“This is the best law enforcement tool the Legislature has ever given police,” he said.
That tool, a camera attached to the stoplight at the intersection of U.S. Highway 19/41 and Georgia Highway 92, does not need training, food or bathroom breaks.
Twenty-four hours a day, seven days a week, it watches for red-light violators.
The intersection got its camera in October 2006, after surveys revealed that the intersection had the most red-light violations. Most automobile accidents are caused when someone runs a red light.
“It was determined that North Expressway at McIntosh Road was where the most violations were occurring, so that’s where the first red-light camera system was put in,” Rogers said.
After two months in operation, traffic accidents at the site dropped more than 60 percent. Such decreases do not always happen. Sometimes when red-light cameras are installed, red-light violations decrease but other sorts of accidents — such as cars running the red light striking cars ahead of them — increase.
“We have not experienced that, an increase in following-too-close accidents,” Rogers said.
The camera not only takes before and after shots of the cars running red lights but also takes video footage of the cars.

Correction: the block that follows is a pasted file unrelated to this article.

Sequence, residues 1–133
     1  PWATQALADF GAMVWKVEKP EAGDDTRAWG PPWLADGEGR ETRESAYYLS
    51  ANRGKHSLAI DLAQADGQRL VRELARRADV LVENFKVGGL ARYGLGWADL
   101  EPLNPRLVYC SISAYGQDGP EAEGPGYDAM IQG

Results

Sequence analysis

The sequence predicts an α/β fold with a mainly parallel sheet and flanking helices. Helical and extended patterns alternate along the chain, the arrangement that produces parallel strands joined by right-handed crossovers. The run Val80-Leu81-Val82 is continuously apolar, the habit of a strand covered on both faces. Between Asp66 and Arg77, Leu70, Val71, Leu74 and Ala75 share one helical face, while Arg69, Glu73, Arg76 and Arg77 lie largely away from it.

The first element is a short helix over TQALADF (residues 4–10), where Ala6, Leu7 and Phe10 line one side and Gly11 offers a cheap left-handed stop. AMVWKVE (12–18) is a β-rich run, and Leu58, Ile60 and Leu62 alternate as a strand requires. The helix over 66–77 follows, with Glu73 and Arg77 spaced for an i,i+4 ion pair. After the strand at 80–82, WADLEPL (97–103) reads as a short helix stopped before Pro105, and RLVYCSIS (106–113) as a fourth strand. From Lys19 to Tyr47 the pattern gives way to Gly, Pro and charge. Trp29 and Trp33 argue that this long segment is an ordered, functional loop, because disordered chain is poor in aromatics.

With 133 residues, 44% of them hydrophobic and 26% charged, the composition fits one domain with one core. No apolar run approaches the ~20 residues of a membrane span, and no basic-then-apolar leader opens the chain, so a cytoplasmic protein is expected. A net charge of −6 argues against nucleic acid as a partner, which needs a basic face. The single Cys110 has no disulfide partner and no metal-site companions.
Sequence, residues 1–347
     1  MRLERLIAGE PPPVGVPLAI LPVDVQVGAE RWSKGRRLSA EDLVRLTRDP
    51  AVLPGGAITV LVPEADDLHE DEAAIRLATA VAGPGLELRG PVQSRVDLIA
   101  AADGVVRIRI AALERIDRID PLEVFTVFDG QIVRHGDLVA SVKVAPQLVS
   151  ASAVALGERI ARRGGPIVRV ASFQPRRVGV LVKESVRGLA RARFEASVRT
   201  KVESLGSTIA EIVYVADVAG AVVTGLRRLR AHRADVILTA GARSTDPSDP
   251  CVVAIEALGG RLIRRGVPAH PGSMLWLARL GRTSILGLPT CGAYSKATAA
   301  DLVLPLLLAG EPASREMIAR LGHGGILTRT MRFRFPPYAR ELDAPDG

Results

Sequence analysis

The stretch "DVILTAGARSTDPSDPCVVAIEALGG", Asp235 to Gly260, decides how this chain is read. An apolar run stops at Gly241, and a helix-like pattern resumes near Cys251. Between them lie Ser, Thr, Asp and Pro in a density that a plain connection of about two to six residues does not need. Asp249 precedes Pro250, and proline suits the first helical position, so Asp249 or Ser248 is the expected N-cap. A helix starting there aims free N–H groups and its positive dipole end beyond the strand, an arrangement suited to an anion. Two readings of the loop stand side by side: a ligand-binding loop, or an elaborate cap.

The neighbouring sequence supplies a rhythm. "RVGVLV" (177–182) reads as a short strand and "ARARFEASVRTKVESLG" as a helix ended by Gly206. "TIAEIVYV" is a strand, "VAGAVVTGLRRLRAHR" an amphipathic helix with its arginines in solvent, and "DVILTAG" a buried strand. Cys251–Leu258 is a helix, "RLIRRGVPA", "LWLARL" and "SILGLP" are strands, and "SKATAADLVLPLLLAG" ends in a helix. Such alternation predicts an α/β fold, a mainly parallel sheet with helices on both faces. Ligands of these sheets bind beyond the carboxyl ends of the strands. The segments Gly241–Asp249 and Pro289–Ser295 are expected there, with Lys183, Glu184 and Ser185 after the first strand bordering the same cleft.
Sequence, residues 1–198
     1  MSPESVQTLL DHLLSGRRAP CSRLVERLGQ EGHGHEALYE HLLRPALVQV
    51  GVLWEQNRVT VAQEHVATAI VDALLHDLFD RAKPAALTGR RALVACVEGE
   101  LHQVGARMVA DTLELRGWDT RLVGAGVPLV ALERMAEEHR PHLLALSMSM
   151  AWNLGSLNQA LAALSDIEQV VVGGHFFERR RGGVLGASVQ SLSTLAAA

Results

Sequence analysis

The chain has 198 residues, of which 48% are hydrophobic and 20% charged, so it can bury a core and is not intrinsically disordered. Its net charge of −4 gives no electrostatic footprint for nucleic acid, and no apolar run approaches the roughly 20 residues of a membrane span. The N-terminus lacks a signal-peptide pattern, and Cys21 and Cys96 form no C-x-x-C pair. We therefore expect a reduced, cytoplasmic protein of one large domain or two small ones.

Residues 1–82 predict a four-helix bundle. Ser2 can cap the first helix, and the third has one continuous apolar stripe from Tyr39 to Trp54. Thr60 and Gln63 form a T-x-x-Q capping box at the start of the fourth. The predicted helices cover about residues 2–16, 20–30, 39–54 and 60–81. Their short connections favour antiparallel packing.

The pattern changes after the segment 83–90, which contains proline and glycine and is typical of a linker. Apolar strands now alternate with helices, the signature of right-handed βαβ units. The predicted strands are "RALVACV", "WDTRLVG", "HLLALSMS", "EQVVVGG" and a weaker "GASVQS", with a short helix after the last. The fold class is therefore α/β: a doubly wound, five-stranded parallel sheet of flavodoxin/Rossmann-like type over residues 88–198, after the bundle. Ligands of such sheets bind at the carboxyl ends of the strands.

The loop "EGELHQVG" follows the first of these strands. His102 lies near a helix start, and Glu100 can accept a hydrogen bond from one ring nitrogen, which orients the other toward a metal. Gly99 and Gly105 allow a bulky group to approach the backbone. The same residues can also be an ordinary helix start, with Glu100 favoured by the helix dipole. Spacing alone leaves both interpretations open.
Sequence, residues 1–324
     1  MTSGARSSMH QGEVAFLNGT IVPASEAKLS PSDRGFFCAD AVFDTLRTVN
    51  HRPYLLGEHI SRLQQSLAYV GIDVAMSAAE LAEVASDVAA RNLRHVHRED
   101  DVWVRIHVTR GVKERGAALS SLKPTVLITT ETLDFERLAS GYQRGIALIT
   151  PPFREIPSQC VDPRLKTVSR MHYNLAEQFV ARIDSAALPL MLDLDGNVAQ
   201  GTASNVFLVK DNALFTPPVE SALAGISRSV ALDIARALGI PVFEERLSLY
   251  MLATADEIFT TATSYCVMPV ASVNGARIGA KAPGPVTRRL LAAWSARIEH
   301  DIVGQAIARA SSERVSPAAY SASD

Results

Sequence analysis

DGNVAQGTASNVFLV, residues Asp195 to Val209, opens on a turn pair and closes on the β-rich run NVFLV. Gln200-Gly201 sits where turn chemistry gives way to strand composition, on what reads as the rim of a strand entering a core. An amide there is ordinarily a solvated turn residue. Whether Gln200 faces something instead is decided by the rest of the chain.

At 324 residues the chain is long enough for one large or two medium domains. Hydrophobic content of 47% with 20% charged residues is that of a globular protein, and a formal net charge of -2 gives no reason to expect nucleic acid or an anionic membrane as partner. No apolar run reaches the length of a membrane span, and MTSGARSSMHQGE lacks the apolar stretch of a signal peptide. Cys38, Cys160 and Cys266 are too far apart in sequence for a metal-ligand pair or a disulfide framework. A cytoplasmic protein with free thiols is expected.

“That in and of itself is a great deterrent to people driving erratically,” he said.
The single camera has been so successful at reducing accident rates that the Police Department is planning to install another one at the intersection of 13th and Taylor streets.
Rogers said that intersection had the highest number of straight-through red-light violations in a 24-hour period and the most traffic accidents over a three-month period.
Redflex Holdings, the company that leases the existing camera system to Griffin, will convene a committee to see if it is feasible to set up a camera at the second intersection. Officials will examine the earlier surveys of the intersection and conduct an additional survey.
In addition to reducing accident rates, the red-light cameras serve as a means of generating revenue for the city. According to City Manager Kenny Smith, the cameras have generated $7,000 for the city in the last month.
“It’s not about revenue, it’s about reducing traffic accidents,” Rogers said.
He said that although Redflex Holdings receives a percentage of the revenue generated by the system in addition to a set fee, it is the police officers who have the final say on whether or not a citation is issued.
“I’ve never had anyone at Redflex yet question a citation we did not agree on,” he said.
That, however, has not stopped complaints about the system. Rogers said he receives phone calls from irate motorists who claim the system violates people’s right to privacy. Rogers said that if motorists do not want to be filmed, they should not leave their house — there is no expectation of privacy on the road.
He also pointed out that the red-light violations picked up on camera are civil matters, not criminal ones, due to the fact that a live officer is not involved. This means that the standards for conviction are lower — a preponderance of evidence rather than beyond reasonable doubt.